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Retail parks are currently a hot topic of conversation: The retail format is increasingly the first choice among retailers and consumers and investors are now following suit. GfK retail expert Manuel Jahn explores why retail parks constitute a sustainable investment with genuine substance.


We estimate Germany’s retail park market, consisting of 250 retail parks, to be worth around €12 billion based on object-specific sales area productivity and feasible rent-to-sales ratios. With a 20% share of current transaction volumes within retail real estate, retail parks have now assumed the status of a stand-alone asset class.

In the first half 2014 alone, €900 million was spent on this asset class, according to an evaluation of the transaction statistics of the large real estate brokers. These half-year figures show that around 7.5% of the entire market volume was traded – a figure that should rise to 10-15% by the end of the year. Assuming this market dynamic holds steady, retail parks would change ownership every 7-10 years on average.

Retail parks can already be regarded as a sustainable investment thanks to the increasing professionalization in this asset class, which is marked by higher-quality new buildings, a larger number of successful refurbishments, better-targeted tenant concepts, and a growing management quota. These numbers outshine previously favored shopping center investments and are awakening the interest of investors, particularly institutional ones.


Retail parks are a meaningful retail real estate class; not just for investors, but also for retailers, who must also separate the wheat from the chaff when it comes to selecting viable locations. The size and turnover associated with these locations can differ enormously: For retail parks between 10,000 and 76,000 sq m of sales area, the turnover spread is from €15 million to just under €300 million per year.
The branch mix of retail parks is dominated by grocery offerings. GfK’s analysis of 250 retail parks in Germany revealed that the turnover share for groceries ranges from €2 million to €90 million, depending on the retail park concept. Fashion offerings generate turnover from €0.5 to €30 million p.a.


Our object analyses revealed that the average German retail park has around 19,600 sq m of sales area divided into 20 rental spaces that generate around €3,200 of gross turnover/sq m annually. On the basis of retail format and tenant specific rent-to-sales ratios, we calculated an average rental income potential of €12 per month per sq m. As such, the average sales area productivity is, as expected, still far removed from the average performance of a German shopping center, which, according to the GfK shopping center database, is around €4,000/sq m; but retail park performance is not far from the average performance of German retail, which is currently around €3,500 gross turnover/sq m of sales space.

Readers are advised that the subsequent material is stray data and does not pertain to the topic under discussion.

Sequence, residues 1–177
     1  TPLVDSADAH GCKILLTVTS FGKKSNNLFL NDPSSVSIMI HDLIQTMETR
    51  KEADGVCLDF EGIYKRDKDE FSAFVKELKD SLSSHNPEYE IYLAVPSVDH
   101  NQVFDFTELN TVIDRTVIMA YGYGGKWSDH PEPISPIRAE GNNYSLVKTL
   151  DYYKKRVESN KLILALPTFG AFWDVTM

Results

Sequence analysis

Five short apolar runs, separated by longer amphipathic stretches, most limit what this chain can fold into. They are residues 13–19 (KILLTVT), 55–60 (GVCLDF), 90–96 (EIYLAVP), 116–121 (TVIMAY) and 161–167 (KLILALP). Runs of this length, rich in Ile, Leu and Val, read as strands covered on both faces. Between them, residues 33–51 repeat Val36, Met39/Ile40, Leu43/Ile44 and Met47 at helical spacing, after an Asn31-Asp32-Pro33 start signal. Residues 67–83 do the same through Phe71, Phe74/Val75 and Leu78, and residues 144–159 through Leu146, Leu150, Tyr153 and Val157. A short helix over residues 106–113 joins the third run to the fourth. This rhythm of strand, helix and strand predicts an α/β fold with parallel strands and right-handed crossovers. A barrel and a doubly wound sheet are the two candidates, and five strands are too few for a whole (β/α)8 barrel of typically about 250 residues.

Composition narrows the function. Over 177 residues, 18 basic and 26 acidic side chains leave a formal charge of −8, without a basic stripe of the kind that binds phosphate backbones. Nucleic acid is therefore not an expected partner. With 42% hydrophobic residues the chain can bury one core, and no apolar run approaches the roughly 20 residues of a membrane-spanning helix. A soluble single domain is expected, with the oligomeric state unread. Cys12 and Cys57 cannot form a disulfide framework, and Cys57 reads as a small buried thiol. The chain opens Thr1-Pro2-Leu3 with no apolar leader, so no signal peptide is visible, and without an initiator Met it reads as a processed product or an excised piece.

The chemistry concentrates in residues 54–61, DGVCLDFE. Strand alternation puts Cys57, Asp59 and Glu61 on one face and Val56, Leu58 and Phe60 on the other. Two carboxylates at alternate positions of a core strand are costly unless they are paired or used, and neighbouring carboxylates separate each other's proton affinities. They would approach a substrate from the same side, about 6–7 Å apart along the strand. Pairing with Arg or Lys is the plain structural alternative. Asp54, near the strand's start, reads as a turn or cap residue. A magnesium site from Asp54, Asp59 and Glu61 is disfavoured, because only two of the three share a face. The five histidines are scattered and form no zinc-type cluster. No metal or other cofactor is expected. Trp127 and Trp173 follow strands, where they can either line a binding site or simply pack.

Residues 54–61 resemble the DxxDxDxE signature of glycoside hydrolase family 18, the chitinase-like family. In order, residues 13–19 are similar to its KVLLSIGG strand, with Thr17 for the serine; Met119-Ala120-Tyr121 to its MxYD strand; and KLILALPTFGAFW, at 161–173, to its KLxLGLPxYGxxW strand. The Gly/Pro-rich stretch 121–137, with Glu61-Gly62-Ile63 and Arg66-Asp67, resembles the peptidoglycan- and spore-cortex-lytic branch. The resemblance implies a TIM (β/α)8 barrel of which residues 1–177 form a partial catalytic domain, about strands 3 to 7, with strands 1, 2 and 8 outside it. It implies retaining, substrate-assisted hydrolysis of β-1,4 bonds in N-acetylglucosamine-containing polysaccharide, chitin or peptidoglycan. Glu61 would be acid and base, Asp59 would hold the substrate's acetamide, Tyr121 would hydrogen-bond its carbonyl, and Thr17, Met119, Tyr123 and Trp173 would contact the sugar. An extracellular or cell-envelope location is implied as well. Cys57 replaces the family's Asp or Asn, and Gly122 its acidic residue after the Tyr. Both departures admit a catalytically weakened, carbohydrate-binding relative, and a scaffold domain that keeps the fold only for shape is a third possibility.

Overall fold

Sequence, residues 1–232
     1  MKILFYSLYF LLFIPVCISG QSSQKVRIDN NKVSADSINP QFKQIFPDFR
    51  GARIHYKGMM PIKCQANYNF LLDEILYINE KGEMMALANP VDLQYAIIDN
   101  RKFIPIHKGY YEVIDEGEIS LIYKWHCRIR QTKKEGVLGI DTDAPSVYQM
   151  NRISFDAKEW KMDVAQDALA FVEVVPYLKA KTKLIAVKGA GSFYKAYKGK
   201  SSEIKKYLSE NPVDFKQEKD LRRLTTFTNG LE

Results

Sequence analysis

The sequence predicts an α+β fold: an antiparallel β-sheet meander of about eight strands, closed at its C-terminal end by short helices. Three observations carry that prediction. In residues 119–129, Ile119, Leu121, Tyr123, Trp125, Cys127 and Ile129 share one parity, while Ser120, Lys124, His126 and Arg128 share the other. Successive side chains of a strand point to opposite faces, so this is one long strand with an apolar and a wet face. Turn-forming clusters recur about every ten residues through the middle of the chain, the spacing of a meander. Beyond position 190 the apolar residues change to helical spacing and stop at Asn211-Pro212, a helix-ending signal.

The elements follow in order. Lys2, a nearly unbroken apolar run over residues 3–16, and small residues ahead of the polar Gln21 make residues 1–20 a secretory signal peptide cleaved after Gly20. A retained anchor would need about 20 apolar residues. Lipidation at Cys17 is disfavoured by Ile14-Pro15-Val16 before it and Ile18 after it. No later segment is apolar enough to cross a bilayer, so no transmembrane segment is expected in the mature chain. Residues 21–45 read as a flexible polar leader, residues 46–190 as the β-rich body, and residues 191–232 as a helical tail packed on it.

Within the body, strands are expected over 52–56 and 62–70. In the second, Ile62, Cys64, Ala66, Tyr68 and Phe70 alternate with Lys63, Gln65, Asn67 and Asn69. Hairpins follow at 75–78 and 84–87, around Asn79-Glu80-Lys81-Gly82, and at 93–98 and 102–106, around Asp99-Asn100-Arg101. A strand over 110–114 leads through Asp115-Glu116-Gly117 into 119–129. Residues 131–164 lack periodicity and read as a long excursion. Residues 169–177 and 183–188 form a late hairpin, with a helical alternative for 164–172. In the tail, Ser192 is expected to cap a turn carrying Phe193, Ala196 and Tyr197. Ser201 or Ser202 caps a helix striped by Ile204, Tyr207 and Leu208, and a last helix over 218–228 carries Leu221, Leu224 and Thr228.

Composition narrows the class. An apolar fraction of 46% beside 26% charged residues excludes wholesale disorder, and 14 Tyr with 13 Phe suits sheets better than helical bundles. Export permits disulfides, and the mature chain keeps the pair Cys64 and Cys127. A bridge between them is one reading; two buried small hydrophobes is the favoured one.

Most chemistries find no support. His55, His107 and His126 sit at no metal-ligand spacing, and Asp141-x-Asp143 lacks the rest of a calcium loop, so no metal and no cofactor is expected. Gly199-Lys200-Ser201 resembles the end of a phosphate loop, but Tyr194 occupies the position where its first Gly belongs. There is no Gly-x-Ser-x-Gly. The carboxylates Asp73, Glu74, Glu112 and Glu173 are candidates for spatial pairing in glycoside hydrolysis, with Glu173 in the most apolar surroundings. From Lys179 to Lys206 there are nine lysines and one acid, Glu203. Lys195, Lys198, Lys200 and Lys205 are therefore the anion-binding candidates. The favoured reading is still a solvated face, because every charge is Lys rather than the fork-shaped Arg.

Source: GfK Real Estate Consulting

The sales area productivity spread is disproportionately higher among retail parks compared to other managed retail real estate. We calculated sales area productivities that ranged from €1,110 at the weak end of the spectrum to €6,900 (gross) per sq m at the strong end. These differences are the result not just of the retail park’s quality, but also of the product-line mix. Retail parks dominated by established hypermarkets or large super-markets can achieve high to very high sales area productivities.


Surprisingly, the best retail parks are not always located in central metropolitan areas. For example, one of the top retail parks we examined is located in a greenfield area. Established and successful retail parks that have been around a while were often erected in out-of-the-way commercial areas that are not well integrated into the city infrastructure and are often also invisible from main street axes. The fact that these have nonetheless established themselves in consumers’ minds during their decades of existence shows that there is no simple success formula — not even the real estate agents’ mantra: location, location, location. (And even “location” is not a simple concept, but rather a complex web of macro and micro market conditions as well as real estate object-specific features.) What we think comes closest to such a success formula for retail real estate is this:

                                     x concept
Success = location x offering
                                     x management

The point is: Retail real estate is not a homogeneous commodity. Even retail warehouses that are structurally nearly identical differ substantially.

But if one looks even deeper than these intricate details, a very simple and common success story emerges: The greater the ability to guarantee turnover for a given retail park, the more likely it is to hold on to tenants over the long term as well as draw attractive new tenants, thus extending the life cycle of the site. This means that the ultimate success of a retail park fundamentally depends on the drivers of demand, i.e. the end consumers.



The complete white paper from Manual Jahn on retail parks can be accessed at



Manuel Jahn, Head of GfK Real Estate Consulting: